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Re: Language Identifier List up for comments

From: Mark Davis <mark.davis@jtcsv.com>
Date: Wed, 15 Dec 2004 14:02:37 -0800
Message-ID: <006601c4e2f1$cb9e9560$edd0399d@sanjose.ibm.com>
To: <andrea.vine@sun.com>, <www-international@w3.org>

> It's fine if it's there, but software interpretation of script subtags
> is a future concept, not a current one.

It is a present issue. There are already a number of language tags with
script subtags; look at the 3066 registry.

‚ÄéMark

----- Original Message ----- 
From: "A. Vine" <andrea.vine@sun.com>
To: <www-international@w3.org>
Sent: Wednesday, December 15, 2004 11:55
Subject: Re: Language Identifier List up for comments


>
>
>
> Elizabeth J. Pyatt wrote:
>
> > A. Vine wrote
> >
> >>
> >>> But now you are talking about differences in a script, not
> >>> differences in a language.
> >>
> >>
> >> Um, when you're talking about the written word, they are somewhat
> >> inseparable.
> >
> >
> > I disagree on this point. There are Central Asian languages (e.g. Uzbek)
> > which can be written in three scripts (Roman, Cyrillic, Arabic), yet
> > they are not called different languages.
>
> You are misinterpreting my point.  When a language is written, it has a
> script (or writing system, some might prefer).  What that script _is_ is
> another matter.  _That_ it is, is my point.  Which is one reason why
> "zh" alone is unhelpful for actual, practical application.  If I am a
> browser and I get a page that says it's "zh", I don't know what to do.
> I don't know what to match it to, I don't know what font to load, I
> don't know what voice synthesizer to load.  I have to guess or make
> assumptions or run some additional heuristics.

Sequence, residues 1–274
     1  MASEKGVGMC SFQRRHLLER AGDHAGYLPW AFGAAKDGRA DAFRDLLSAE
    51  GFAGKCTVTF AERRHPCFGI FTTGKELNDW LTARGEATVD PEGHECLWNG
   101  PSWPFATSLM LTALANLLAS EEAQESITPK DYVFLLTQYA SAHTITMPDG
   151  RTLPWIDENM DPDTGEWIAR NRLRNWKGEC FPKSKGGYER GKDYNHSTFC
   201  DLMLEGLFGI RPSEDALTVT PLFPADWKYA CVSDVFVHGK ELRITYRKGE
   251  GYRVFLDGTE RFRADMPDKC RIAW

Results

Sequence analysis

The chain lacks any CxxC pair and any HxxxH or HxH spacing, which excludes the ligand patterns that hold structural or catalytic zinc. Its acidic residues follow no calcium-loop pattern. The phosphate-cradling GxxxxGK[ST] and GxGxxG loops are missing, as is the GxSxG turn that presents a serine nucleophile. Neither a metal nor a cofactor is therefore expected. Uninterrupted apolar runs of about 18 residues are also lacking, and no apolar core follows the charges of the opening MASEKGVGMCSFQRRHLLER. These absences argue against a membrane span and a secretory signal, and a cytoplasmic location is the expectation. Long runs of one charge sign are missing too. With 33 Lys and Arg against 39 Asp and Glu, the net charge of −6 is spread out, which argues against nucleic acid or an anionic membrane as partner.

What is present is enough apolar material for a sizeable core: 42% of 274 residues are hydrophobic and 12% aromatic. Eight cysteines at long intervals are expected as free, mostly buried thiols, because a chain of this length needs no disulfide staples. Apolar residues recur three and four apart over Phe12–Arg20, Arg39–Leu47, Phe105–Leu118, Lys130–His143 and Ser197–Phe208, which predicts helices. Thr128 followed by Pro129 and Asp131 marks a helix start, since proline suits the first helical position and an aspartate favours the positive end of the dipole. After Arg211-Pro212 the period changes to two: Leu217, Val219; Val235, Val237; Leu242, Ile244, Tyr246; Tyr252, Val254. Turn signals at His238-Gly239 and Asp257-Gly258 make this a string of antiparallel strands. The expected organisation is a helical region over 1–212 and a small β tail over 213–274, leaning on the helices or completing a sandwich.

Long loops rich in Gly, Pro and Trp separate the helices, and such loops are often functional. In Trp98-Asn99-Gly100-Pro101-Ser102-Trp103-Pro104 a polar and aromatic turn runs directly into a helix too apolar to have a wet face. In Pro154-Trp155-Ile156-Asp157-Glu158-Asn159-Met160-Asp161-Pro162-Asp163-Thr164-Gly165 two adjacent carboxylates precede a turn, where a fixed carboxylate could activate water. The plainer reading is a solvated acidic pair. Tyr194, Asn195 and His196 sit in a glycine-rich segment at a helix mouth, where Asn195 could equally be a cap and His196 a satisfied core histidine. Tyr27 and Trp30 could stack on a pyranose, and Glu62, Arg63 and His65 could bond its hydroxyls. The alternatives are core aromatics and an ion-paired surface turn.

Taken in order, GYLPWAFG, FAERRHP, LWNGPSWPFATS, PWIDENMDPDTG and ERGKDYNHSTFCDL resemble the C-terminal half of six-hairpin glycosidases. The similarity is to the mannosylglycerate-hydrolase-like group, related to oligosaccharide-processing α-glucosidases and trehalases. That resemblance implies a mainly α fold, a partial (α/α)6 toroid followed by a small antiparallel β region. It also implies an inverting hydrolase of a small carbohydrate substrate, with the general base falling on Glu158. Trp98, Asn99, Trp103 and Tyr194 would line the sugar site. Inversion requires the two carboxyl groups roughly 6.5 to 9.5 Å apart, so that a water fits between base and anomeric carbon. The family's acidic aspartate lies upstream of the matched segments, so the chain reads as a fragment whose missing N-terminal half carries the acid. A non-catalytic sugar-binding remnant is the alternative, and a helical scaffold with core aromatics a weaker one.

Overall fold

>
> What most software does right now is makes assumptions due to legacy use
> of "zh" meaning "Simplified Chinese, Mandarin in the PRC".  It doesn't
> matter what we do from now on, as long as that legacy tag is out there
> (and it is).
>
> > I realize that there are cases
> > of similar spoken forms being labelled as different languages because
> > they are written in different scripts, but that is more a matter of
> > politics than of linguistics.
> >
> > I concede that the encoding tag is not enough to specify the script, but
> > I would consider script to be a  third meta tag. (i.e. ISO-15924 -
> > http://www.unicode.org/iso15924/iso15924-codes.html)
>
> It's fine if it's there, but software interpretation of script subtags
> is a future concept, not a current one.
>
> >
> > I see that using Chinese-TW is NOT recommended, and I am glad to see
> > that. I also see why "zh" would not be helpful in of itself as it is
> > currently defined. I was assuming a definition of "zh" as the written
> > form used in Chinese dialect communities, but that does not appear to be
> > the correct definition. It would not be Mandarin Chinese because it can
> > be read all over the country by speakers of the different dialects.
>
> I have heard this, but I have also heard from some of our Chinese l10n
> folks that there are some differences in the way things would be written
> in some dialects.  In others words, it may be understood but it's not
> "native".  But I leave this to the Chinese scholars.
>
> >
> > It's almost like a data set of numeric text which could be read in
> > almost any language.
> >
> > 1 2 3
> > =uno,dos,tres?
> > =one,two,three?
> >
> > What kind of language tag would a set of numbers be? "Math"? Would it
> > have no tag and assume a user agent will use the default language
> > (whatever it is). I assume that a speech synthesizer agent would treat
> > Chinese characters as if it were Mandarin Chinese and pronounce it
> > accordingly, but you could build several agents that could read them in
> > the other forms (Hakka, Cantonese)
> >
> > I would argue that if you're speaking of pin yin Romanization, it might
> > be important to specify that it is the Mandarin form because now
> > phonetic form is represented. The Romanized form of Cantonese would be
> > different.
>
> Again, I leave it to the Chinese scholars.
>
> Andrea
>
> >
> > Elizabeth Pyatt
> >
> >
>
>
Received on Wednesday, 15 December 2004 22:02:45 GMT

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